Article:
I had made my first trip up to Acadia with my girlfriend to meet up with a group of college friends at Black Wood Campground for Memorial Day Weekend in 2011. It was nearly sinful in the kayak world for me, an instructor of 10 years, to have never been paddling in Acadia! It was time to get acquainted with Acadia and “The Best Paddling on the East Coast” as the guide books boasted. It would turn out to be the most attention deficit outdoor weekend I’ve ever had! My station wagon was packed to the roof and beyond with sea kayaks, camping gear, climbing gear, and mountain bikes. The only thing that we didn’t have was the weather. We were enveloped in a pea-soup fog from the instant we crossed the bridge onto Mt Desert Island. The fog didn’t stop me from taking a quick trip out to the Cranberries but it did make me weary about bringing out a dozen of my close friends who don’t paddle frequently.
Everyone had been looking forward to paddling all weekend long as we waited for the fog to clear up a bit. They went as far as to dub me the “Waterfront Director” and I felt that responsibility for everyone to have a fun and safe time so we waited for better weather. Monday morning dawned and the fog was socked into Seal Harbor but as we ate breakfast it began to lift. Within an hour we had ourselves a blue-bird day. The tide was high and the winds were light. Only a trace of ground swell and the occasional lobster boat disturbed the bay. What better way to wrap up a wonderful long-weekend at Acadia National Park than with a sun-filled paddle.
The plan was to give my friends a taste of the Maine coastline. This meant that we needed to see at least three things: a lighthouse, lobster anything, and some seals. This wouldn’t be too hard! I had been lucky enough to hook up with the MIT outing club the day before to guide a trip with an instructor friend and he gave me access to a trailer full of kayaks parked at Seal Harbor. I showed up early to lay out the gear on the beach. Then my college friends showed up and I gave them the typical beginner talk before we shoved off into the great, blue, Acadian water. I could actually see the Cranberry Islands which we had found yesterday in the pea-soup fog. Our first strokes took us through a school of lobster boats resting in the calm harbor. Check one off of the list!
We exited the mouth of the harbor and made our course SW toward Bear Island which the chart showed to be home to the closest lighthouse. The trip to Bear Island was magnificent. We laughed, splashed, and snapped pictures with the Bubbles standing prominently in the back drop. The lighthouse came into view as we rounded the southern tip of Bear Island. There it stood high above the rocky cliff, surrounded by pines, as a beacon to the lobstermen of Northeast Harbor. It was quintessential Maine! Check another one off of the list!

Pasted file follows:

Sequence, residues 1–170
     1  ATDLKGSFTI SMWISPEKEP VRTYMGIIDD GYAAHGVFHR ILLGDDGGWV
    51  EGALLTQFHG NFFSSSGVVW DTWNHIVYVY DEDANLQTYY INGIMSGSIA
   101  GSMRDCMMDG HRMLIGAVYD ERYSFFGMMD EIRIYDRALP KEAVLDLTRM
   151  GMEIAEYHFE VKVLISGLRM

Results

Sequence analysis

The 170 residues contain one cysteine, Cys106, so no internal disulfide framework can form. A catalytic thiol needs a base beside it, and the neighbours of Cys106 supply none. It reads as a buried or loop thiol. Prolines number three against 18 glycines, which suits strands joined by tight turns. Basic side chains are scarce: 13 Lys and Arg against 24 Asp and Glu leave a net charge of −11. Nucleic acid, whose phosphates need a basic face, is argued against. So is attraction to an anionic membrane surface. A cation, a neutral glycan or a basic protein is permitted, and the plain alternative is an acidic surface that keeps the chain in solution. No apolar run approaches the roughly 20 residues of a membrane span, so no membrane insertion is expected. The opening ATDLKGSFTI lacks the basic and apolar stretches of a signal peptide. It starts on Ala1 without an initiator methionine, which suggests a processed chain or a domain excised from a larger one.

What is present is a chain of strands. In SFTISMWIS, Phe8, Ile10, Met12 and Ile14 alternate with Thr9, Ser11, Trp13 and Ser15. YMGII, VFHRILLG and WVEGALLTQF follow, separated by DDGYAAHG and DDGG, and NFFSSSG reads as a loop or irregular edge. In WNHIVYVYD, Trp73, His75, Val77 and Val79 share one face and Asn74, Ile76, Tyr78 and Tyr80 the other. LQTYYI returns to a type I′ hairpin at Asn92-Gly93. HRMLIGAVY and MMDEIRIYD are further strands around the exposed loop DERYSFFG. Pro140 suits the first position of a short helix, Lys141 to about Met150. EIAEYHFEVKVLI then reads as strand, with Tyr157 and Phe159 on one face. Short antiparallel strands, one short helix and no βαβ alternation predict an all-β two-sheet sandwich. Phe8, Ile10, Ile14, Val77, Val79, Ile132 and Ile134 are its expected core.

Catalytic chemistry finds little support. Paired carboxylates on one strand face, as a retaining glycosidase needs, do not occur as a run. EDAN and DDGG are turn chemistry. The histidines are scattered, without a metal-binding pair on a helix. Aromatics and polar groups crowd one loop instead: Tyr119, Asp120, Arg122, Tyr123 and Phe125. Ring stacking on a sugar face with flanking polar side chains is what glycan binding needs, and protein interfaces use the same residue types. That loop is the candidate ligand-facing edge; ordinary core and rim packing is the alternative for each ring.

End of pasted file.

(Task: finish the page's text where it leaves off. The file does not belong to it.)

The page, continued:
I then decided to lead the group on a quick hop across the channel to the South to take lunch on the rock bar at the western tip of Sutton Island. The views were spectacular from this vantage point. Bear Island Light stood proudly in foreground with Cadillac Mountain looming on the horizon. A small, white sailboat passed into our view on a course along the channel. We munched down on our picnic lunches and took it all in as the sail boat sauntered along in the light breeze. After lunch we decided to explore the rock bar. We came across a pile of washed-up lobster gear arranged into some sort of sculpture. Some of the girls also found large pieces of sea weed and proceeded to model these as shawls.
There was only one item left on our list of things to find: seals. I knew exactly where to look. About a mile ENE of Sutton Island lies a rock ledge that is home to a small colony of seals. We launched our boats from the rock bar, rounded Sutton Island to the South and proceeded on a course directly to the ledges. It was now about noon-thirty and the wind has picked up slightly. The tide was outgoing and we began to feel the ground swell more off of the Atlantic as we approached the ledges. I was concerned about the onset of sea sickness in the group but we kept moving forward and tucked in behind the ledges to the North. There they were; a whole colony of seals basking on the warm Acadian rocks. That was until they spotted us and promptly wormed their way into the water for safety. Then they performed a synchronized periscope show as they assessed the level of threat that we posed to their pups. Our list was complete!
We had only spent a few minutes bobbing in the ground swell but a few of the girls were starting to look a little green. The best cure for sea sickness is to keep it moving so we made an about-face and headed directly back to Seal Harbor with the swell on our sterns. A quick trip back to the beach wrapped up a marvelous day on the water in Acadia. The guide books had it right: the Acadian waters offer some of the best paddling that I’ve ever experienced on the East Coast. I could spend a lifetime there and never get bored of the picturesque landscape, the sound of the waves crashing on the rocks, and the days when blue-bird skies leave a twinkle in my eye!
Launch: Seal Harbor, Mt. Desert Island, ME
Landing: Seal Harbor, Mt. Desert Island, ME
Highlights: Bear Island Lighthouse, Lobster Boats, Picturesque views, Seals
Duration: 3 hours round trip w/ stop time
Distance: ~5-6 miles
Good Eats: Jordan Pond House @ Acadia National Park
Kayak Dave Rating: